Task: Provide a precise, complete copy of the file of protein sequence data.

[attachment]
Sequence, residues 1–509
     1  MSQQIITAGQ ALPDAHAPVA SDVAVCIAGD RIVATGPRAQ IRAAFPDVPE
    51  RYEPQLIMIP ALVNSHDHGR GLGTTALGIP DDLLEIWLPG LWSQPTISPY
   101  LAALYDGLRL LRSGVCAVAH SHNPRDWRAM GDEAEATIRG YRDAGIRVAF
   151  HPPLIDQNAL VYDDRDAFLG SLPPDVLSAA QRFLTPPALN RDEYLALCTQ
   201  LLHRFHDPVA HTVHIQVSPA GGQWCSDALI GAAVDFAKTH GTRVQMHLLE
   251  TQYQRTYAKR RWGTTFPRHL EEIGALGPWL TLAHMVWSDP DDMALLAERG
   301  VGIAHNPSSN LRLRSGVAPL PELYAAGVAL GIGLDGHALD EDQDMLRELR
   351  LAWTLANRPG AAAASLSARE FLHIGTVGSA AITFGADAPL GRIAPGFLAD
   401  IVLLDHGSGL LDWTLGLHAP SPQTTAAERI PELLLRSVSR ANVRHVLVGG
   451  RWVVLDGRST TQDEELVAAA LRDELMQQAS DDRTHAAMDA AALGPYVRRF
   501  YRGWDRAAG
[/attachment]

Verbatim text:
Sequence, residues 1–509
     1  MSQQIITAGQ ALPDAHAPVA SDVAVCIAGD RIVATGPRAQ IRAAFPDVPE
    51  RYEPQLIMIP ALVNSHDHGR GLGTTALGIP DDLLEIWLPG LWSQPTISPY
   101  LAALYDGLRL LRSGVCAVAH SHNPRDWRAM GDEAEATIRG YRDAGIRVAF
   151  HPPLIDQNAL VYDDRDAFLG SLPPDVLSAA QRFLTPPALN RDEYLALCTQ
   201  LLHRFHDPVA HTVHIQVSPA GGQWCSDALI GAAVDFAKTH GTRVQMHLLE
   251  TQYQRTYAKR RWGTTFPRHL EEIGALGPWL TLAHMVWSDP DDMALLAERG
   301  VGIAHNPSSN LRLRSGVAPL PELYAAGVAL GIGLDGHALD EDQDMLRELR
   351  LAWTLANRPG AAAASLSARE FLHIGTVGSA AITFGADAPL GRIAPGFLAD
   401  IVLLDHGSGL LDWTLGLHAP SPQTTAAERI PELLLRSVSR ANVRHVLVGG
   451  RWVVLDGRST TQDEELVAAA LRDELMQQAS DDRTHAAMDA AALGPYVRRF
   501  YRGWDRAAG